The Association of Cortisol with Prevalent and Incident Type 2 Diabetes in Older Community-Dwelling Adults
Jennifer M. Radin1,2, Wael K. Al-Delaimy3, Donna Kritz-Silverstein1, Deborah Wingard1, Elizabeth Barrett-Connor1 and Gail A. Laughlin1
1Division of Epidemiology, Department of Family Medicine and Public Health, University of California, San Diego, La Jolla, CA; 2Division of Epidemiology, Graduate School of Public Health, San Diego State University; 3Division of Global Health, Department of Family Medicine and Public Health, University of California, San Diego, La Jolla, CA
Abstract: Context: Previous studies report cross-sectional associations between circulating cortisol levels and type 2 diabetes in older adults; none assessed the association prospectively.
Objective: This study’s objective was to examine the association of serum cortisol with prevalent and incident diabetes in community-dwelling older adults.
Methods: Between 1984-87, 885 men and 729 women aged 50 or older had serum fasting morning cortisol measured and an oral glucose tolerance test administered at a baseline research clinic visit and were followed for up to 25 years. Logistic and cox proportional hazards regression models were used to assess cortisol associations with prevalent and incident diabetes.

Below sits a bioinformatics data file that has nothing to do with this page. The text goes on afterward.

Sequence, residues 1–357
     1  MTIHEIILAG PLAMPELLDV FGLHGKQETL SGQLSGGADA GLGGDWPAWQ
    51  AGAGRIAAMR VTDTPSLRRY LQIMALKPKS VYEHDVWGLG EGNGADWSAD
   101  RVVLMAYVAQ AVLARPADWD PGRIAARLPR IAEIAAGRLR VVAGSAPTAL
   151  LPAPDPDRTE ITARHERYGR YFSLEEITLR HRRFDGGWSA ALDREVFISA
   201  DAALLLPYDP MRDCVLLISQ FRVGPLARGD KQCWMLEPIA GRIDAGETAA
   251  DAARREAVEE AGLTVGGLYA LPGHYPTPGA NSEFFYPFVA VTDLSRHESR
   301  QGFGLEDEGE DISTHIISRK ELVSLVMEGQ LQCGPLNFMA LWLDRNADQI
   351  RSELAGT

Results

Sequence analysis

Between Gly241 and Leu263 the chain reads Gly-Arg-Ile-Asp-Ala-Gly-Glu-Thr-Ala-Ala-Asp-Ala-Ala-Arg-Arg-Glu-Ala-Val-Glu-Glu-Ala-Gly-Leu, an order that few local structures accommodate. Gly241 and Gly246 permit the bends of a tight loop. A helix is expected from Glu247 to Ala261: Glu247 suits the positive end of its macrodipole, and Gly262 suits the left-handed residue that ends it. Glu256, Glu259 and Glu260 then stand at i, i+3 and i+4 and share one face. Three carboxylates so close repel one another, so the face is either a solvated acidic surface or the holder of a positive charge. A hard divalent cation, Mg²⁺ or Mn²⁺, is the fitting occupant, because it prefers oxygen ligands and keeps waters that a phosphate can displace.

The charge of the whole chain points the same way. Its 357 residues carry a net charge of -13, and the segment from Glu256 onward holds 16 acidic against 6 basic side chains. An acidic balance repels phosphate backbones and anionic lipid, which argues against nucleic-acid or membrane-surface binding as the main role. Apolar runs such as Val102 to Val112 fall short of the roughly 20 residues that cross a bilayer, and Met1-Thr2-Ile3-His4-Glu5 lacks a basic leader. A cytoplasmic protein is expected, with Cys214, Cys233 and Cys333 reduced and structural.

Results: Median age of participants was 75 years, median body mass index was 25kg/m2, and median cortisol was 91mg/ml. At baseline, 249 participants had prevalent diabetes; 118 developed diabetes during follow-up. In unadjusted analyses, the odds of prevalent diabetes for the highest cortisol quartile compared to the lowest was 1.95 (95% CI: 1.32, 2.87) and remained significant after adjusting for age, sex and diabetes risk factors (OR: 1.85, 95% CI: 1.21, 2.83); associations were not significant for the second and third quartiles. Serum cortisol was not associated with incident diabetes before or after adjusting for covariates (fully-adjusted HR for highest versus lowest quartile=1.02, 95% CI: 0.58, 1.78).
Conclusions: Results suggest that in older adults, elevated cortisol levels may be a result of diabetes and its complications, rather than a cause. Further studies using cohorts with repeated cortisol measures are needed to confirm the direction of the hypercortisolemia-diabetes link.
Keywords: Cortsiol, type 2 diabetes, prevalent cases, incident cases.